dub 2.0 design discussion

Posted 2022-03-28

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What Adam is working on

I added a pragma to minigui itself to opt in to version 6 common controls on Windows, which enables visual themes and some other nice features if you are building with mscoff. This should work ever since either XP or Vista, so I see no real reason not to, but if you do, use -version=minigui_no_manifest to undo it.... except....

...This pragma does NOT work with the version of lld-link bundled with dmd at this time due to bugs in that linker. It is fixed in the new version of lld-link and works in the Microsoft link.exe, so it cannot be merged until that is fixed upstream. Max started a PR to bump the version.

Until that is merged, this is actually under version=minigui_manifest. I will static if it when it is possible to do so and enable by default. Hopefully, this will make it in for the next release of dmd and ldc. I'm not sure if gdc supports it already, I will test when the official release of it is made next month. (gdc on Windows works except for missing pthreads decls in druntime... I might fix that myself too.)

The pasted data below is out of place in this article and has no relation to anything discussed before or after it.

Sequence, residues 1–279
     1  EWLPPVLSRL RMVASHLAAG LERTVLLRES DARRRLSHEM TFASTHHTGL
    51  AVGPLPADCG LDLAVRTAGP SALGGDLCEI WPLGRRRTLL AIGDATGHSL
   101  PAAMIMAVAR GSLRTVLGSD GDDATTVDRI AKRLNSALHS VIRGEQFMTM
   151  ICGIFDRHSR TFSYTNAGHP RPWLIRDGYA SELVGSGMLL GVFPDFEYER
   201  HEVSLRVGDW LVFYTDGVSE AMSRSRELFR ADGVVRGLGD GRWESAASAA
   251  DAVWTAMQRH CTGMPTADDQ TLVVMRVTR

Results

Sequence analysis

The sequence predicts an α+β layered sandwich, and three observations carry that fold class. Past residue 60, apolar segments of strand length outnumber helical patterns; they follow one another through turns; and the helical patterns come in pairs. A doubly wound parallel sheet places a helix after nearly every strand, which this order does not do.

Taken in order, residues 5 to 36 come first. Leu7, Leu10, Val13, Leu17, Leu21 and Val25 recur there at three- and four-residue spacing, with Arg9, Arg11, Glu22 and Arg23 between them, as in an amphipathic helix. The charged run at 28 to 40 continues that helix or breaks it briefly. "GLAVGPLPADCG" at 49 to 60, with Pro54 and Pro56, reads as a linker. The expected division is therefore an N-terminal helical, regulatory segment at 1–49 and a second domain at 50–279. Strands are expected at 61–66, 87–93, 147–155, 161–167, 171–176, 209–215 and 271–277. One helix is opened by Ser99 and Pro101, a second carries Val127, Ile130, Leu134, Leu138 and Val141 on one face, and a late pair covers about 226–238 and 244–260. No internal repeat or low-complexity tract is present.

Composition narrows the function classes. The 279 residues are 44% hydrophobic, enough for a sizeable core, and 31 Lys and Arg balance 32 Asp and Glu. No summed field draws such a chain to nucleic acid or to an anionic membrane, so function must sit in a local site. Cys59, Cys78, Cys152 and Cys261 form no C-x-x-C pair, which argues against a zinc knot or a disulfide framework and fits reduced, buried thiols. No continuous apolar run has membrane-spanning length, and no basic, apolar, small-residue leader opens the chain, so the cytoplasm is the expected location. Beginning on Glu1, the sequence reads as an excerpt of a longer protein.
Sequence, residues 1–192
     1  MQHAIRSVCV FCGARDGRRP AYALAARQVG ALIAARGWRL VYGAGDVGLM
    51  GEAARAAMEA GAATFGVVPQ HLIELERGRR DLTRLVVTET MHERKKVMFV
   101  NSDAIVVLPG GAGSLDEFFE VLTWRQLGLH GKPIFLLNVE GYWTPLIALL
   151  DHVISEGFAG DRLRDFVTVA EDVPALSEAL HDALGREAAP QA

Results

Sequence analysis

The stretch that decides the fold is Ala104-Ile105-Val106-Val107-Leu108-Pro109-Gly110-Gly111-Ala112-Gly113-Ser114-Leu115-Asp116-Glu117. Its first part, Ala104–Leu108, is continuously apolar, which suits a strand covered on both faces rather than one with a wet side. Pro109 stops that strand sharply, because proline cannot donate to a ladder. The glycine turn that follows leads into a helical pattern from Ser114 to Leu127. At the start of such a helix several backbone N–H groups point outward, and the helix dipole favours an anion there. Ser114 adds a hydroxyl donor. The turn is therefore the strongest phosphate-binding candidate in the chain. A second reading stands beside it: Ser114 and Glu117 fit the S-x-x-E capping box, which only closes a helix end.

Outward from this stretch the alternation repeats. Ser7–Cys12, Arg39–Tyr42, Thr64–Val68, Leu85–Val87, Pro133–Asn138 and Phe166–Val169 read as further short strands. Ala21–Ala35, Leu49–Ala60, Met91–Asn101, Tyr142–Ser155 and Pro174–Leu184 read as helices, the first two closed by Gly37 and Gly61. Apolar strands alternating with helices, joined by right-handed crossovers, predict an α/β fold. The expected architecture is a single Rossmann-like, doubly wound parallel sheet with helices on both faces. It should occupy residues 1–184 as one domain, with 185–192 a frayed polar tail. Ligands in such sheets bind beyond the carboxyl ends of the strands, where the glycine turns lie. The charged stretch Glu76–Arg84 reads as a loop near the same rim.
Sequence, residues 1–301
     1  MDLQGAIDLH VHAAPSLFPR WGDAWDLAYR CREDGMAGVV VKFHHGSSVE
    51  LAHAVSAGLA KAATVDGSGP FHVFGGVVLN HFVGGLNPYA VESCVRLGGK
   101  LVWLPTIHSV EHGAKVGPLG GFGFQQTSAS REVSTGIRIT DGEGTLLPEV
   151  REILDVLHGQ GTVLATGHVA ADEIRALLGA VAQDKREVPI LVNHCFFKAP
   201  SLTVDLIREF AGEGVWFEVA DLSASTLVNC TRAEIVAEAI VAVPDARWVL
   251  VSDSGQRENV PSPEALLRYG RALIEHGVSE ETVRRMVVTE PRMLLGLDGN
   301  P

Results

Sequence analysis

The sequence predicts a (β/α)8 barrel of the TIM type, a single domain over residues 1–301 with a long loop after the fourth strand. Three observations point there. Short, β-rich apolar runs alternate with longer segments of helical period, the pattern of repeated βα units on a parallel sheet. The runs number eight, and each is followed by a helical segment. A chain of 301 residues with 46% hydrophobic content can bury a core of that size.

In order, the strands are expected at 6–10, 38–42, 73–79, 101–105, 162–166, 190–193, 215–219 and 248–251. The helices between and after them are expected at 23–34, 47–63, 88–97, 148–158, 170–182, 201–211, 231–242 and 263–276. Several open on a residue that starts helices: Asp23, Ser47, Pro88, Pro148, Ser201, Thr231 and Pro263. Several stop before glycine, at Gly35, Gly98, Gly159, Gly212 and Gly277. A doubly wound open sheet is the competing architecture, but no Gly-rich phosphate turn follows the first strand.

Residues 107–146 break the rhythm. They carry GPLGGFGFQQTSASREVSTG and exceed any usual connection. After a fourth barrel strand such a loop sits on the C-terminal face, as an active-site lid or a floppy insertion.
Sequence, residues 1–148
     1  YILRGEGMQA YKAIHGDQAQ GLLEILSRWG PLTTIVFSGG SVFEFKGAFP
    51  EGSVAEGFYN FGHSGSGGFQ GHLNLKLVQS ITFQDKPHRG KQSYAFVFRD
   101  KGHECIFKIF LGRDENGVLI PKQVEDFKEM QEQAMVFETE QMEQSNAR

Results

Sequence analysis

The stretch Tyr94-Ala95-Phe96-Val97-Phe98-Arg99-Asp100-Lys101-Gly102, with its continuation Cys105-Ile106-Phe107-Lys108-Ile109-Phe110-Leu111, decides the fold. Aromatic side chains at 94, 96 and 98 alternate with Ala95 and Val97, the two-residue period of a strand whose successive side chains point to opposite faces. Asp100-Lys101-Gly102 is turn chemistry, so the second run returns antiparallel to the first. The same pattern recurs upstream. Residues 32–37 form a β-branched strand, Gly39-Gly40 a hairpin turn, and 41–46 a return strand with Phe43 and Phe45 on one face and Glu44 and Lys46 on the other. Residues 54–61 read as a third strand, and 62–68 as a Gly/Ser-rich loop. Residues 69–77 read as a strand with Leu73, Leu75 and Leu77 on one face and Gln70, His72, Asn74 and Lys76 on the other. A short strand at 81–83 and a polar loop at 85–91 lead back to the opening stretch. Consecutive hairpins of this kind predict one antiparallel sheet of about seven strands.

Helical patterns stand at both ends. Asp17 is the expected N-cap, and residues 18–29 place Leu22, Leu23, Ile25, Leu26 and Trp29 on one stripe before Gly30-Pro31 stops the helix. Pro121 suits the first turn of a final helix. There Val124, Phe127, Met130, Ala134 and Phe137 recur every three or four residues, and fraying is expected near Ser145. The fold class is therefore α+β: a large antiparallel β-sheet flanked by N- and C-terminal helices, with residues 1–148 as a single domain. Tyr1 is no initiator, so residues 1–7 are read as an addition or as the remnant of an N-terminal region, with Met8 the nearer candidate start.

dub 2.0

I've made no secret of my dislike of dub. It is mediocre in all respects, except where it is outright bad. Its biggest crime is that its mediocrity crowds out innovation, but I think I have a solution to that: dub 2.0.

I think it is important to separate out the three things we bundle as "dub" and discuss its three elements independently:

  1. dub the repository
  2. dub the packager
  3. dub the builder